Ruth Lewandowski Wines | Wine | Salt Lake City Weekly

Ruth Lewandowski Wines 

Utah wines are nothing if not natural

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Many food fanatics around town know Evan Lewandowski as the sommelier and wine manager for Pago restaurant, where he's assembled one of Salt Lake City's more interesting and eclectic wine selections. But Lewandowski is also a winemaker, and a very passionate one at that.

Making wine in Utah is already an uphill battle. Making all-natural, organic, "hands-off" wines in Utah would seem to be the folly of a modern day Don Quixote. But, as Lewandowski says, "If I don't do it, someone else will."

His wines are made and marketed under the Ruth Lewandowski ( label. This leads many to think that the wines are named for Evan's mother. In fact, Ruth is Lewandowski's favorite book in the Bible: The Book of Ruth, which deals with death and redemption. He sees parallels in winemaking: "Nothing that is alive today could be so without something having died first," Lewandowski says. And indeed, it's this natural cycle of life that informs his approach to farming and to winemaking.

Ruth Lewandowski wines are unique, to say the least. They are truly natural, and undergo virtually zero manipulation anywhere along the way. Eventually, Ruth Lewandowski wines will be made from grapes grown here in Utah. For now, until those grape mature, Lewandowski makes his wines with grapes from California's Mendocino County. They are organic and grown without the use of synthetic pesticides, fertilizers, fungicides or herbicides.

The wines themselves are made here in Utah. And this is where Lewandowski really partners with nature. Beginning with organic grapes, he produces wines that don't employ cultured "designer" yeasts or bacteria. "No acid additions, no sugar, no water, no tannin, no filtration for filtration's sake, etc.," he says. "Insomuch as it is possible, I strive to produce wine made of solely grape juice. That is, to me, the true expression of the land via the grapevine."

Try Googling "approved wine additives" sometime. What you'll discover is an almost endless list of FDA-approved additives ranging from acetaldehyde to calcium sulfate (gypsum) to polyvinyl-polpyr-rolidone (PVPP), whatever that is. There are additives for clarifying, preserving, fermenting, stabilizing, coloring, producing tannins, smoothing, filtering, defoaming, fining and purifying wines, plus a lot more. Lewandowski utilizes none of them, citing the cutting-edge Alsatian winemaker Christian Binner, for whom he worked in France. Binner, probably more than anyone, is Lewandowski's mentor and winemaker model. And like Binner, Lewandowski pushes the limits for what is technically possible in winemaking.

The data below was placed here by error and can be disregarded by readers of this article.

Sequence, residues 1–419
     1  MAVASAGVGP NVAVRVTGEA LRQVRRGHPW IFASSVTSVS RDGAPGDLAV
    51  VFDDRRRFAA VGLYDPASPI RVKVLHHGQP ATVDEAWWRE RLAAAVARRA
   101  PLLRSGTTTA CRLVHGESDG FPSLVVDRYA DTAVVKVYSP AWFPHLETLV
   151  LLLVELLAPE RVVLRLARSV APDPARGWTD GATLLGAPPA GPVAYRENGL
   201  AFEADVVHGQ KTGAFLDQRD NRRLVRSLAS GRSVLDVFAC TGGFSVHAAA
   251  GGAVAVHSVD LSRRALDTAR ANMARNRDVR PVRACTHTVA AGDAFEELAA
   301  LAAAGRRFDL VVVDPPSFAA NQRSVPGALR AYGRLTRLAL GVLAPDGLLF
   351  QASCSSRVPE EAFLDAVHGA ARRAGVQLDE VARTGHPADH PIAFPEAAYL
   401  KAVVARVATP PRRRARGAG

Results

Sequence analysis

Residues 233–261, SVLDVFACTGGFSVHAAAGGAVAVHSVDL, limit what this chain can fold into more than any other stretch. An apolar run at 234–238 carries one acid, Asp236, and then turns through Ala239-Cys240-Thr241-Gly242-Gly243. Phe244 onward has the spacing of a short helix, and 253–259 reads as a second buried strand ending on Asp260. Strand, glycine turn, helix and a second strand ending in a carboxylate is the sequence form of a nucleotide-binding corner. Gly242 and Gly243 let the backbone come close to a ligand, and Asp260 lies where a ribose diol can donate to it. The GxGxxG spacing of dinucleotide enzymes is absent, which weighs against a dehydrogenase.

For anyone accustomed to industrially produced wines (i.e., most of us), a wine like Ruth Lewandowski Mahlon, made from organic Cortese and Arneis, is a revelation, with bold minerality, spice and floral qualities. Ruth Lewandowski Boaz—made with the not-so-widely known Carignan grape—is surprisingly bright and even delicate, not traits normally associated with Carignan. Of the three other Ruth Lewandowski wines released thus far—which include the Italian-style varietal Feints and sushi-friendly Cortese-based Chilion—my vote goes to Naomi, a 100 percent Grenache Gris wine with sexy white peach aromas and tropical fruit flavors.

Now, my profile of Lewandowski might lead you to think he's the prototypical wine geek. And, well, he sort of is. But he's also totally down-to-earth, and a really fun dude to shred the slopes with at his favorite ski area, Brighton.

Lewandowski makes his wines in a discreet location in South Salt Lake, at 3340 S. 300 West. Tasting and sales are by appointment only, and can be made by calling 801-230-7331.

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